Using DNA sequence data, we have been able to confirm earlier studies based on morphology that most Philippine species of mammals are closely related to other Philippine mammals; in other words, most species are members of an entire branch on the “tree of life” that occurs only in the Philippines. Thus, the 40 species of “earthworm mice” (species in the genera Apomys, Archboldomys, Chrotomys, and Rhynchomys) are a branch that lives nowhere else, and have diversified from a single ancestor species that we estimate arrived in the Philippines 12 to 15 million years ago. The 15 or more species of cloud rats (Batomys, Carpomys, Crateromys, Musseromys, and Phloeomys) form another branch found only in the Philippines; and many other smaller branches are also unique to the Philippines. Clearly, although their ancestors arrived millions of years ago from the Asian mainland, speciation within the Philippines has produced most of the mammalian diversity that is present today. Much of this research has been done in collaboration with Sharon Jansa and Scott Steppan.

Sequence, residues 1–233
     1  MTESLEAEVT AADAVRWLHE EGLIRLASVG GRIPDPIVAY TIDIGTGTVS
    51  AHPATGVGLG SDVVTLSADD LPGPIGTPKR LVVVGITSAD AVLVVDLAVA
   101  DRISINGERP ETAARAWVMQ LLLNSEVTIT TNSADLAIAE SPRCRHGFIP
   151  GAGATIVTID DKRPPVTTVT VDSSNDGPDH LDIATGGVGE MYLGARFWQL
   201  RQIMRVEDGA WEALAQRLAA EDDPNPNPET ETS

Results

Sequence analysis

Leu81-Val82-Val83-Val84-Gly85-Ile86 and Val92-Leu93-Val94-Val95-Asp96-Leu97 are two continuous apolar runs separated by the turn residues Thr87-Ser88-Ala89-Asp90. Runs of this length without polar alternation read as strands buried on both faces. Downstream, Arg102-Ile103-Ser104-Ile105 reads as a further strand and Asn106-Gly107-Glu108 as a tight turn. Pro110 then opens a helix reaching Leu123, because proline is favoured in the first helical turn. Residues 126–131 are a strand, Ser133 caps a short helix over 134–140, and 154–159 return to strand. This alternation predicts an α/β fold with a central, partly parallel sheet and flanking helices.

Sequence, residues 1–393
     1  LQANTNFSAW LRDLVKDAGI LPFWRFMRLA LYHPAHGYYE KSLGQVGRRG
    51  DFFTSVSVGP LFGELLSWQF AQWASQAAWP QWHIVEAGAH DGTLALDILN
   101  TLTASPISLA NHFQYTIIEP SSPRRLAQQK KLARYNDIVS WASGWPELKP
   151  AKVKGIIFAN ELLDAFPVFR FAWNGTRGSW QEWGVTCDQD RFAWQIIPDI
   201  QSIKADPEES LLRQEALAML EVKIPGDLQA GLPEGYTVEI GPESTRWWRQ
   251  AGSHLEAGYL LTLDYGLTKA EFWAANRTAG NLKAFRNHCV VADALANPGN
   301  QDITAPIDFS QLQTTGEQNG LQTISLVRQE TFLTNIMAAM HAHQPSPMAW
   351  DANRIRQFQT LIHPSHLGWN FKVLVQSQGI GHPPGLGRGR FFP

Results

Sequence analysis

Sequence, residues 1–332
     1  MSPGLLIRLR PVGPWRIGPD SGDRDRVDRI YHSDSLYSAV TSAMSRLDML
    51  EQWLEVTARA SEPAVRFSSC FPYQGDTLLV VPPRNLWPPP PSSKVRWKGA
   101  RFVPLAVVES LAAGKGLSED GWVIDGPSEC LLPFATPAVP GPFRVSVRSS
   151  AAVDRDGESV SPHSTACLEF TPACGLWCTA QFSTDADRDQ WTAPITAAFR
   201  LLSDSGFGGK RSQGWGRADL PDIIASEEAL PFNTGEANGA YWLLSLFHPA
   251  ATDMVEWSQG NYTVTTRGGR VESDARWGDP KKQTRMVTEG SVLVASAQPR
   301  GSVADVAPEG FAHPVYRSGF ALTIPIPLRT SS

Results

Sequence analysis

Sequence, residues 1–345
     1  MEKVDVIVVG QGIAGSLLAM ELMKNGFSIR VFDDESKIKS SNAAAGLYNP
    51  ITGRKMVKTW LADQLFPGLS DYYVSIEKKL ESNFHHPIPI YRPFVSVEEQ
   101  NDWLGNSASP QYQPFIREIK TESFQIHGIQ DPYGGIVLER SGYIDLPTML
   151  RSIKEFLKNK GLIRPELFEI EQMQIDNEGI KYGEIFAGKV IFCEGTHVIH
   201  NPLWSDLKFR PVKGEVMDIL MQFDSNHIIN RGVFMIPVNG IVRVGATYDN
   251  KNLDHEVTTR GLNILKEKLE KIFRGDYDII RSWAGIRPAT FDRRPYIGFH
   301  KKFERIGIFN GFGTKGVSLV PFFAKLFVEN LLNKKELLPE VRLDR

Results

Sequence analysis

Taken together, these data indicate that colonization by mammals from outside the Philippines has been rare, and colonization between islands within the archipelago has been more common, but still a rather rare event best measured on a scale of hundreds of thousands to millions of years. On that scale, the geology of the archipelago has been dynamic, with volcanoes erupting, some islands eroding away and others merging together, and “continental drift” (plate tectonics) causing divergent sets of islands to move into proximity. It is a complex picture that we are gradually uncovering, with the potential to become an even better example of the processes of evolution than the far better-known Galapagos Islands.